In May 2020, I received a Ph.D. in English from the University of Florida, where I specialized in Rhetoric and Writing Studies and was awarded the Fall 2019 Graduate School Doctoral Dissertation Award. My scholarly articles have appeared in Enculturation, Rhetoric Society Quarterly, Kairos, and elsewhere. My article on "Sylvan Rhetorics" in Rhetoric Review was awarded the NCTE/CCCC 2020 Best Article on Philosophy or Theory of Technical or Scientific Communication, my article on "A Counterhistory of Rhetorical Ecologies" in Rhetoric Society Quarterly was given Honorable Mention for the ARSTM Article of the Year Award, and my co-authored article on "Deep Mapping for Environmental Communication Design" in Communication Design Quarterly was awarded the NCTE/CCCC 2022 Best Article on Pedagogy or Curriculum in Technical or Scientific Communication. I co-edited Writing the Environment in Nineteenth-Century American Literature: The Ecological Awareness of Early Scribes of Nature (Lexington Books, 2015).
I am an assistant professor in the departments of Writing & Rhetoric and Natural Resources Science at the University of Rhode Island where I am a Senior Fellow at the Coastal Institute and direct the DWELL Lab. I research the rhetoric of science through social and historical perspectives, teach courses on science writing and environmental advocacy, and practice community-engagement with science using location-based technologies (e.g.—augmented reality and StoryMaps) as well as creative and digital/visual approaches to science and environmental communication. My research intersects place-based writing and digital rhetoric to understand how locative media provide new possibilities for environmental advocacy and science storytelling. As part of my place-based research, I am interested in using rhetorical historiography as part of the social justice paradigm shift for environmental communication. My research has received support from a wide range of organizations, from the National Endowment for the Humanities, to the Rhode Island State Council on the Arts, to The National Institute of Food and Agriculture.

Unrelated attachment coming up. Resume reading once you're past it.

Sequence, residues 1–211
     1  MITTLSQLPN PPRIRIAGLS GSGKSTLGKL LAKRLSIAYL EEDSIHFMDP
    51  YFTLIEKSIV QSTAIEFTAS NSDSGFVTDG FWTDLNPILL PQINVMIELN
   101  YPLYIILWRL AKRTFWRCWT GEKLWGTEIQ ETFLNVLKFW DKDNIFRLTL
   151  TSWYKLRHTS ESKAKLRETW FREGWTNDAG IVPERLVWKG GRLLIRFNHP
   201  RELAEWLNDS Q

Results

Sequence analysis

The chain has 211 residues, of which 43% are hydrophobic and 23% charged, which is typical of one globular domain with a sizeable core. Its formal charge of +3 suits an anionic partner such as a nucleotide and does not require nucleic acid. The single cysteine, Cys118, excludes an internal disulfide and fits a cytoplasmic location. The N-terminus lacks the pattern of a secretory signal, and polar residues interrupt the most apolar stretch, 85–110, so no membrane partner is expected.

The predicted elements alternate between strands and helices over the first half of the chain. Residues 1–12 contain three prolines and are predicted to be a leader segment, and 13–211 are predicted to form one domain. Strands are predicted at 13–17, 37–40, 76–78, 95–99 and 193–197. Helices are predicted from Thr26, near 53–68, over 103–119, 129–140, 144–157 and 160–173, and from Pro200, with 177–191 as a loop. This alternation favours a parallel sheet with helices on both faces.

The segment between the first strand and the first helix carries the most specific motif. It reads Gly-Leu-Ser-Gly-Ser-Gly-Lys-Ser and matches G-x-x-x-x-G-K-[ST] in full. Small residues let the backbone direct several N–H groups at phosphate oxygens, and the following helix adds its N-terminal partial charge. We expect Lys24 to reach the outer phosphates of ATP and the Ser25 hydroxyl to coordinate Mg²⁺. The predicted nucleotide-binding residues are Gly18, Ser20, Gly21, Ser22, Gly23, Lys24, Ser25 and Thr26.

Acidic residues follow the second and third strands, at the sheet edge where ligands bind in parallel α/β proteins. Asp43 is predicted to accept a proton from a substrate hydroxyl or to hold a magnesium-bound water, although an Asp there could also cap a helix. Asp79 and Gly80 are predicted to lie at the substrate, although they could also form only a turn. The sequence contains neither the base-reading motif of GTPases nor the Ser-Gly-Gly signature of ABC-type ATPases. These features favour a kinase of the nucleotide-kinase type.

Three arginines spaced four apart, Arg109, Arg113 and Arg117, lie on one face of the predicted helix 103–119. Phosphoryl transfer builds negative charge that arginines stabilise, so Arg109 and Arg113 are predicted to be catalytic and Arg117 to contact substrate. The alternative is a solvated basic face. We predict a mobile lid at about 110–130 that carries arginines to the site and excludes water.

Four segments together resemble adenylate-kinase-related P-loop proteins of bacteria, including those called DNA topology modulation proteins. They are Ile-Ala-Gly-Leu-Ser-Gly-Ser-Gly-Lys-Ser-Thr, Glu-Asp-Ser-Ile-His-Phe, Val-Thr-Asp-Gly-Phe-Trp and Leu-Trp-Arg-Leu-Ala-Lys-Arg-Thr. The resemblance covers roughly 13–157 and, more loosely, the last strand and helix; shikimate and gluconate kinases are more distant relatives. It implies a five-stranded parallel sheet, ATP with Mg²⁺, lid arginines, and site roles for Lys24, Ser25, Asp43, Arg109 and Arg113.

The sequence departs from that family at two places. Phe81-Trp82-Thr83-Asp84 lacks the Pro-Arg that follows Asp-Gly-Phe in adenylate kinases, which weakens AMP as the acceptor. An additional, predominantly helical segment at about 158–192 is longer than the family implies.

My poetry collections are Losing the Dog (Salmon Poetry, forthcoming March 2023) and Reflections on the Dark Water (Solomon & George, 2016). Individual poems have appeared in journals such as North American Review, Prairie Schooner, Michigan Quarterly Review, Shenandoah, The Greensboro Review and in anthologies including Mountains Piled upon Mountains: Appalachian Nature Writing in the Anthropocene. Recently, I was awarded the 2021 Poetry Fellowship from the Rhode Island State Council on the Arts and a 2020 writing residency at Wolff Cottage as part of an award from the Fairhope Center for Writing Arts, as well as previous awards from the Academy of American Poets and a Literary Award from the F. Scott & Zelda Fitzgerald Museum.
In addition to my scholarship and creative writing, I apply my research to develop grant-funded digital projects for public advocacy and to provide high-impact experiences for my science and environmental writing courses. I serve as an assistant editor in digital production for Kairos: A Journal of Rhetoric, Technology, and Pedagogy. As both a poet and a digital maker, I am as at home working with line breaks as I am lines of code. Before coming to URI, I was founder and editor-in-chief of Kudzu House Quarterly, a journal of environmental writing and scholarship (now archived at the Institutional Repository at the University of Florida). At UF, I served as an Augmented Reality Criticisms (or ARCs) Coordinator for the Trace Innovation Lab, a digital rhetoric initiative at UF, through which I consulted with faculty and graduate students in the development of digital projects, organized digital humanities conferences, and coordinated workshops geared toward undergraduate research. I also served as a Smathers Graduate Intern in Emerging Technologies, creating workshops and tutorials for the UF Marston Science Library's Mobile App Development Environment (MADE@UF) Lab.